This is called “paying yourself first” and the point of this is to have cash in the bank.
For adults, you might be saving to build up an emergency fund, or adding to an investment account. For kids, it’s more just about learning the practice of saving.
This is different than the envelopes because this is money that does not get touched again (until far down the road).
Sit down with your kids and discuss with them how much of what they receive is going to go into the bank before it is spent.
A good rule of thumb is often 10%. But you can decide with your kids to go up or down from there.
When your kids receive money, take them to the bank right away and have them hand over the cash (or cheque) to the bank teller and let them be able to feel the money leaving their hands.
This step is so important.
If you take the money to the bank for them, it won’t be as real. So make sure they are with you.
This is also a good time to teach them how to fill out a deposit slip!
Provide Opportunities To Earn Money
As previously mentioned, it is so important for kids to understand that it takes hard work to earn money.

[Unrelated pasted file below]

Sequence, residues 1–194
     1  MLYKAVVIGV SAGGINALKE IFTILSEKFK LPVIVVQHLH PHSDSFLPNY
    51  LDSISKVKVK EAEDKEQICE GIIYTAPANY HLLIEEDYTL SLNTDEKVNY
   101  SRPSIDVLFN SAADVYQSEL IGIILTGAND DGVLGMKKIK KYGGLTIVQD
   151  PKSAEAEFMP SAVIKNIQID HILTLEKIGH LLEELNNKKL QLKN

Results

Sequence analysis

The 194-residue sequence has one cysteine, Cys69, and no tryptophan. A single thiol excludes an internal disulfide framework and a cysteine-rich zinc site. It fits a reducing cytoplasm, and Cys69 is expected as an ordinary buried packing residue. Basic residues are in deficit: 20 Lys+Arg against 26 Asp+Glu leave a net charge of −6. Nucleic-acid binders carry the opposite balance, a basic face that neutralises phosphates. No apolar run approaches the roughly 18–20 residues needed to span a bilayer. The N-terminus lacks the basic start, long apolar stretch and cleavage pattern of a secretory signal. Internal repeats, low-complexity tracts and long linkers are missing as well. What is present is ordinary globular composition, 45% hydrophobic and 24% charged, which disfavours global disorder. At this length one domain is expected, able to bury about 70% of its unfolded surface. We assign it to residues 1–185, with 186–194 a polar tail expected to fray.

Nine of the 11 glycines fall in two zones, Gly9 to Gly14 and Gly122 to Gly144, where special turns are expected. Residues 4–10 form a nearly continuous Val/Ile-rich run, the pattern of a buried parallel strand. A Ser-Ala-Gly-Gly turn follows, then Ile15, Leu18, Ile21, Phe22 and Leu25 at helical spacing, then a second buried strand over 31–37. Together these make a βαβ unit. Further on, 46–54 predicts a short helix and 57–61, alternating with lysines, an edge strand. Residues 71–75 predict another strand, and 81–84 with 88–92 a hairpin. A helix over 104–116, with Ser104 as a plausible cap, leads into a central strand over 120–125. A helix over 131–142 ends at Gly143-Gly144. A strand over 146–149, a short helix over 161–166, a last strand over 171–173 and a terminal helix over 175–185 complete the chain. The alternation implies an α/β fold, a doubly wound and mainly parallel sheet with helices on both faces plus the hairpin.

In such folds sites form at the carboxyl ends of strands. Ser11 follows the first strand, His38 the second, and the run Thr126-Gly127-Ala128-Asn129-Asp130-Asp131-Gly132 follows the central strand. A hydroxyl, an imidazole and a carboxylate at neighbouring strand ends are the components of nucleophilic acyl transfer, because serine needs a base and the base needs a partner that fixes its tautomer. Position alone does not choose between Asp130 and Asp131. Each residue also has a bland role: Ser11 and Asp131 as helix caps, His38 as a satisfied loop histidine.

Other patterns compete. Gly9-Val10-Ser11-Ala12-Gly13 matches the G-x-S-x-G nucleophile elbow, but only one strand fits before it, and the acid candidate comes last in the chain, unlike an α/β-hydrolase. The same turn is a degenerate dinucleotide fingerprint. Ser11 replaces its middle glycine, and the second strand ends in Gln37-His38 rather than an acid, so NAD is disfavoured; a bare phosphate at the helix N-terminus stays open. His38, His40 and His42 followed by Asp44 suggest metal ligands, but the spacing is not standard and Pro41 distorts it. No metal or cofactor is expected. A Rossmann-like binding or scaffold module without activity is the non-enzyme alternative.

Although they should receive monetary gifts and be grateful for them (just like any adult), kids should also have an opportunity to work to earn cash.
Decide on some chores they can do around the house in order to earn money. These should be above and beyond the chores you expect each family member to complete simply because they are a part of the family.
Depending on their age, you may want to discuss with them together or decide on a few for them.
Determine how much each chore will be worth and give them a pay date.
Be consistent with that pay date and only honour chores that were completed. You can even create a pay stub!
This is a great way to teach kids a good work ethic, discipline, and what it takes to earn money.
If your kids are old enough, they can also look for other ways to earn cash such as mowing neighbours’ lawns, shovelling driveways, or even selling their crafts to friends and family.
Teach Them Generosity Through Giving
Giving is such a great way for kids to learn generosity.
It helps them understand that what they earn can be shared to better help others and that money isn’t everything.
They also learn that they can give money away to those less fortunate while still having some leftover for themselves.
Help them come up with a list of things they think are important, and then help them look for a reputable charity that fits within their priorities.
Depending on what’s important to them, you could even go a step further than financial support by creating a kid’s group for them to work as part of a team to give back to their charities of choice.